This gig represents a return to where it all began for me. My first part-time reporting job was in Portland, Ore., working for the weekly Community Press. I covered sports events there. I don’t do any sports reporting these days, but my task is straightforward: attend the city council and school board meetings and report on the decisions that affect the community.

In short, I am having a blast.

I also have a second gig. I write a blog for KETR-FM, the public radio station at Texas A&M University/Commerce. That freelance gig is a freewheeling affair. My boss there allows me to write blogs in which I get to express my opinions on issues of the day. He also asks me to write what he calls an “original reporting” piece for the website, ketr.org.

The best part of all of this is that my wife and I get to take time off whenever we want. We recently returned from a nearly monthlong journey out west. My bosses at the Farmersville Times knew I would be gone. No problem, they said. We’ll cover the meeting in your absence, they assured me. And so it goes.

I have told folks many times in my retirement years that “separation anxiety from full-time work is greatly overrated.” I believe it now more than ever. I have been blessed to have been able to stay “in the game” with these part-time jobs.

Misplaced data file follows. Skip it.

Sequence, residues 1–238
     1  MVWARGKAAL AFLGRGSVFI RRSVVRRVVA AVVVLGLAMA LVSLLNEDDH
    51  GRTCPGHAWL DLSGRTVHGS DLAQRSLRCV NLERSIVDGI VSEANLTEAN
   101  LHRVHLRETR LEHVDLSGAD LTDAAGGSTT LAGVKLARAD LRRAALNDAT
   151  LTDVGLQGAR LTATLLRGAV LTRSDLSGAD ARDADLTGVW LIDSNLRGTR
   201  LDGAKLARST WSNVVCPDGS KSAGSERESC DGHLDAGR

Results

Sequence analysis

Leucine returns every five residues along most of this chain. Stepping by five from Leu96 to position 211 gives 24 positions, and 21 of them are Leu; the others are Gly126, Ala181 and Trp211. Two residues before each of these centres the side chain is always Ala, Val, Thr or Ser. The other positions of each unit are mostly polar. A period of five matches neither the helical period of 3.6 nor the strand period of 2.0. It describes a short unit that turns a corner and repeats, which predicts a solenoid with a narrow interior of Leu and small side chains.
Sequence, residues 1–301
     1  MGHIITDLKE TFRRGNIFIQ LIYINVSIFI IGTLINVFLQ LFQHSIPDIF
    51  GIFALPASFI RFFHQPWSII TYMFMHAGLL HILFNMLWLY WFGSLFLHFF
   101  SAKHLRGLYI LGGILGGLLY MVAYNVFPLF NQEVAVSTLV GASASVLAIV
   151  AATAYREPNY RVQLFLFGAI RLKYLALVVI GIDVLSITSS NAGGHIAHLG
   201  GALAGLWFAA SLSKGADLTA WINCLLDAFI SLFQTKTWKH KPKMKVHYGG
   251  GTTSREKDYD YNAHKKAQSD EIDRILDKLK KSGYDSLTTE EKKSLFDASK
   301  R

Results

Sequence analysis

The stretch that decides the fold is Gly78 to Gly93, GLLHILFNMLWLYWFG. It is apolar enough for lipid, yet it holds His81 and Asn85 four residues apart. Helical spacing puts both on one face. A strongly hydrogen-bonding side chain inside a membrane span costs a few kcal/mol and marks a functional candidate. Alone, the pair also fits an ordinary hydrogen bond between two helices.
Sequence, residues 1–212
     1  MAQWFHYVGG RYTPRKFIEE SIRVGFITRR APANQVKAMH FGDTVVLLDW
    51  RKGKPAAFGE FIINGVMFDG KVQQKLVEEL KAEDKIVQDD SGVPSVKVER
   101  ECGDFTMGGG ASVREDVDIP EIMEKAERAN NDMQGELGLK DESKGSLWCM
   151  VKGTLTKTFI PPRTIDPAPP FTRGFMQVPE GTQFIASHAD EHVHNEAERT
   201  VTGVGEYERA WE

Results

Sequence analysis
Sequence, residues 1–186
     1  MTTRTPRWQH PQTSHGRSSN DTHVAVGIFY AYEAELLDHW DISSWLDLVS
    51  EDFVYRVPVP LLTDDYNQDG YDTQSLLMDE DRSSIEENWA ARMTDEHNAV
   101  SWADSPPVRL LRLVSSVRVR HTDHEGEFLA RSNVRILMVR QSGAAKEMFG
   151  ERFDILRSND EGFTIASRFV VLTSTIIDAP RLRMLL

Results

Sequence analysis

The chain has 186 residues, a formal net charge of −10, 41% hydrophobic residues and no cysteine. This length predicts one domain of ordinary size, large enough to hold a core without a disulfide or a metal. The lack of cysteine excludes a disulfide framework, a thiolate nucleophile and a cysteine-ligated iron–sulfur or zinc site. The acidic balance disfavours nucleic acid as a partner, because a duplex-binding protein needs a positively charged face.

Thus, I continue to have the “time of my life.”

Memoir in the works

By John Kanelis / johnkanelis_92@hotmail.com

The question comes with surprising frequency when I tell folks what I did for a living for nearly four decades.

It goes something like this: Are you going to write a book about it?

My answer is usually the same: Well … not exactly. However, I am renewing a commitment I made some years ago not long after my career in daily print journalism came to a sudden halt, which is that I am going to finish a memoir I intend to write for my sons and any other family members who are interested in reading it.

You see, my career enabled me as a reporter and editor for daily newspapers in Oregon and Texas to do many things not available to other human beings. It also allowed me to cross paths with people I admired and, yes, loathed from afar.

I was able to meet a future president of the United States, a former POTUS, someone who was running for the high office. I flew over an erupting volcano, I endured a landing and takeoff from a nuclear powered aircraft carrier. I stood in the presence of one of the 20th century’s most iconic political figure.

My wife has been nudging me to finish what I have started. Yes, I got started some time back on this memoir. I have let the effort lapse, much to my dismay.

Then we met recently with one of my oldest and dearest friends. He, too, likes to write and has paid marvelous tributes to his late wife. My friend encouraged me with affirmation that the highlights of my career are worth sharing with my sons.

It’s a project that needs finishing. My only “problem,” if you want to call it that, is that I am not sure I ever will be able to finish it, to tie a bow around it and present it. Why? I keep recalling individuals and occurrences that filled me with so much joy.

But … the work will commence.